I’m curious to know about your record label, OnMusic. Why did you decide to start it?
Orphan No More was birthed out of the desire to build something bigger then myself. It was birthed out of the belief that Everybody Has a Message, everyone has a song and a story to tell. It’s a platform to release art of excellence that carries hope and as a result impacts our culture, remidning people that no matter how hard the waves are hitting, it’s not how the story ends.
How do you think you continue to grow as an artist year after year? How is your sound different and/or similar on your sophomore EP?
The process of being an artist is one of becoming. I didn’t start start at the bottom, I started at the beginning and so each year another chapter is written and it’s evolved from the one before but still connected to it. I am becoming more and more comfortable with my sound, my tone and my style. I am embracing the fact it’s a different sound, it’s hard to box and I am quite enjoying that. I love collaboration – it forces you to let people in to create the soundscape and that excites me.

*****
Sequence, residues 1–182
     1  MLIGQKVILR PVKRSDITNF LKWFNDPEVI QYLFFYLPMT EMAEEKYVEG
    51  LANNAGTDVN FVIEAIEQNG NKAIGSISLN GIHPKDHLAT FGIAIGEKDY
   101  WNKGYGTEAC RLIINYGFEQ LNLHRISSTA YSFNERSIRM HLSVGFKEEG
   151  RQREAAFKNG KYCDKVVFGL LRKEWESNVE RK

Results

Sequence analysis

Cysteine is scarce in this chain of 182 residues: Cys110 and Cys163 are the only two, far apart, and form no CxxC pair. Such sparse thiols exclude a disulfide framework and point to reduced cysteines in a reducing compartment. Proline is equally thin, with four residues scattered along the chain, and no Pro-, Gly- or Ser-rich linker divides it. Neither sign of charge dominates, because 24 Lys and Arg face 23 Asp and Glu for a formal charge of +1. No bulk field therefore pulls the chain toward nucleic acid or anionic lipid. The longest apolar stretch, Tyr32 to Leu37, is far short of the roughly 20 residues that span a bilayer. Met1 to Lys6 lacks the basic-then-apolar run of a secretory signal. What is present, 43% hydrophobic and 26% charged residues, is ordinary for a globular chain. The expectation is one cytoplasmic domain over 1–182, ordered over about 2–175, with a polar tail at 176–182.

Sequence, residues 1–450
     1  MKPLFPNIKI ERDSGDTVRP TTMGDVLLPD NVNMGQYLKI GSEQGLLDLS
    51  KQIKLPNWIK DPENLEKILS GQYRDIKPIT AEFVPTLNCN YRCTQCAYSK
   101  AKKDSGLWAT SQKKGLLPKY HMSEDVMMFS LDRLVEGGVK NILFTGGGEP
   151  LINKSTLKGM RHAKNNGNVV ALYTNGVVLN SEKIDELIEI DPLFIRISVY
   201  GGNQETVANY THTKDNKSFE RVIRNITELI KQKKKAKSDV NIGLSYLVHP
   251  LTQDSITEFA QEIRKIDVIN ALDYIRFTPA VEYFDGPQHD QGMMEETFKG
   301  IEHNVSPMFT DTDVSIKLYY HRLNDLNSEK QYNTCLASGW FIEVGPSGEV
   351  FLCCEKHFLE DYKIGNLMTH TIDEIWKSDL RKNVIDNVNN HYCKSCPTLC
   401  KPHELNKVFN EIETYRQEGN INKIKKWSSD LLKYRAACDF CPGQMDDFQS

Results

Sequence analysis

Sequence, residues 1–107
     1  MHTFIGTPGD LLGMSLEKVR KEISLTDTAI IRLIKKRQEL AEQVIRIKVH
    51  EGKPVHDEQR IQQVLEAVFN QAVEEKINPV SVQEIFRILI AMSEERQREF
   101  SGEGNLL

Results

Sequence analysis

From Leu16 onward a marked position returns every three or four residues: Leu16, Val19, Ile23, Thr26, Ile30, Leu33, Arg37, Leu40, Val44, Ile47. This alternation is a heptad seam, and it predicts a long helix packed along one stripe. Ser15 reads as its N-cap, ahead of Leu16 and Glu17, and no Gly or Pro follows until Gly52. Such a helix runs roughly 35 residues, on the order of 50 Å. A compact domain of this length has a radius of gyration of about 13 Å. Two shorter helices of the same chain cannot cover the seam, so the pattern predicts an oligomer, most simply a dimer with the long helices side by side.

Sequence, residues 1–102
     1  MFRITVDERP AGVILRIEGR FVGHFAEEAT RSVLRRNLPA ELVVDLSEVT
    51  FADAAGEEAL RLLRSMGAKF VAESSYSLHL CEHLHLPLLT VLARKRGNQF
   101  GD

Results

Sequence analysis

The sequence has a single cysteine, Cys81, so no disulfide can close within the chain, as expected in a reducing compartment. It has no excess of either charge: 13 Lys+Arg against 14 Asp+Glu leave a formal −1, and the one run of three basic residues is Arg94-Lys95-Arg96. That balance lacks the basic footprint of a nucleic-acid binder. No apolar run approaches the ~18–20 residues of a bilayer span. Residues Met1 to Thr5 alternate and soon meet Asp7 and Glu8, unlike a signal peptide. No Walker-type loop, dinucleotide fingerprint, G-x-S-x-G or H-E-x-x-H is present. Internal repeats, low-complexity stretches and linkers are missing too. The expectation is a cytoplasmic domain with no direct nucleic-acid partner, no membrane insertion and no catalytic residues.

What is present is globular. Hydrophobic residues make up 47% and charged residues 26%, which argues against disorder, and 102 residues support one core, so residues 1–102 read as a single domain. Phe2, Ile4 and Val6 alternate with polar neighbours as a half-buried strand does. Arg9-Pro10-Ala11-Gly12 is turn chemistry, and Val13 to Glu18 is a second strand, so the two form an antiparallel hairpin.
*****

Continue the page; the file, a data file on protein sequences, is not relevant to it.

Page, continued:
I’ve read that you’ve never written down a single line of your songs. Why is that?
I struggle with writing, physically. I am dyslexic and so forming words with letters rather then sounds feels like maths to me and it disrupts my flow of creativity.
Who are some of your favorite artists? What musicians have continued to inspire you year after year? Who would you love to work with in the future?